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Tuesday August 16th, 2011

From Terminator to RoboCop, robots have been a fascination of modern culture for the last few decades. Industries are automated, computers play chess, the Japanese have developed realistic humanoid robots and yet science-fiction warns us of the downfall of humanity in the face of the machine.

Corporations are as ingenious as ever, especially when it comes to making a buck off of technology and the techno scene will not escape it. Working with a Japanese company, one Canadian entrepeneur is trying to take robotics to the dance-floor. After observing the club-scene and commercialized rave scenes in search of new target markets, he has noted that what makes a great party is how full the club is and how many people are dancing. A great event can be disastrous if the venue is even just a third empty. He has a solution. Fill the place with robots.

The DNCR-3001 is an automatronic humanoid robot programmed with over 300 dance moves and 10 different personality traits. It can be the shy dancer at the back of the club, the sexy dancer grinding in the middle of the dance-floor, or even the speaker-hugger that spends it's time gyrating as close to the sound-system as possible. Available in both male and female, their clothing can be changed to match the style of the intended theme and music plus they are remotely controlled so they can even move to give room to actual people wanting to dance.

The official press-release insists that the concept is not to replace people, but to fill up a room, add to the ambiance and improve the over-all experience. The company's spokesperson states: "We're in the final stages of this project and we're really excited. We pushed the date back three months and are glad we did because we've managed to develop a program in which the robots can analyze realpeople's behavior and react. So they can now look at you and return a smile or give you a thumbs up on a great dance move, creating a positive and encouraging - what the kids call - vibe".

However, the price for renting a DNCR-3001 is fairly steep and is not, as yet for the poorer promoter. If the public reaction is positive says the company, they will install security programming in case of emergency. This on the other hand, is scaring some people in the scientific community, based on the old fear of machines developing cognitive abilities and altering their own pre-programmed behavior, or simply doing the wrong thing as they lack proper situational judgment skills. "A robot can analyze and calculate, but it can't judge. Without natural instinct and street-smart observational abilities, I can foresee a hundred things that can go wrong during a whole night with real people that are on drugs or aren't comfortable around these machines. It's potentially dangerous" insists a Robotic Technology Sciences graduate from the University of Montreal who's name won't be divulged for fear of reprisals from the manufacturers of the DNCR-3001. Their spokesperson dismisses these claims already: "It doesn't matter, since all the robots come installed with an Emergency Shutdown system, which is simultaneous and instantaneous".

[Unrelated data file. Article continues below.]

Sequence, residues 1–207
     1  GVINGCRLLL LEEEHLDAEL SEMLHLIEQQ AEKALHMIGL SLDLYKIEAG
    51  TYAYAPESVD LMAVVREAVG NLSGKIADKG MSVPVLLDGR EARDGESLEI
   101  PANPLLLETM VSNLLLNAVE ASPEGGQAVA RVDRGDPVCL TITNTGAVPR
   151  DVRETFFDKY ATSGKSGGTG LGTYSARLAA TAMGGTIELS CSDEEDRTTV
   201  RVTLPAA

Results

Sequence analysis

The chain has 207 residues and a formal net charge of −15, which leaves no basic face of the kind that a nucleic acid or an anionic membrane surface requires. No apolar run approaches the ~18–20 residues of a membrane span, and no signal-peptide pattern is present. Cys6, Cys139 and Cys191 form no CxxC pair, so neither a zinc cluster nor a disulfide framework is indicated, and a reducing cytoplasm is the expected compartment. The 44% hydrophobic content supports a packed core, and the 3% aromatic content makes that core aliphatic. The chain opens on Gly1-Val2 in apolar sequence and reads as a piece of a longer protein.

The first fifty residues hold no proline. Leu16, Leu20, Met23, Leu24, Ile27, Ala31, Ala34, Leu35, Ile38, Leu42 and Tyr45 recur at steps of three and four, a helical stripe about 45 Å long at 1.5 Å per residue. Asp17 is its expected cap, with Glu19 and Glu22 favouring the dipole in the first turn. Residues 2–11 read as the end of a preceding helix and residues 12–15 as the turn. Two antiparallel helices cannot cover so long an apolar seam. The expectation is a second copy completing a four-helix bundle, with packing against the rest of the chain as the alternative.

The electronic music world is going to have to decide whether they prefer to have a full house, or a real house. So far, only three major promoters, two in the USA and one in Canada, have signed contracts for use of the DNCR-3001. Grounds will be tested, and perhaps the robots will be a more receptive crowd for the super-star DJ.

Rave against the machine, or dance next next to one.
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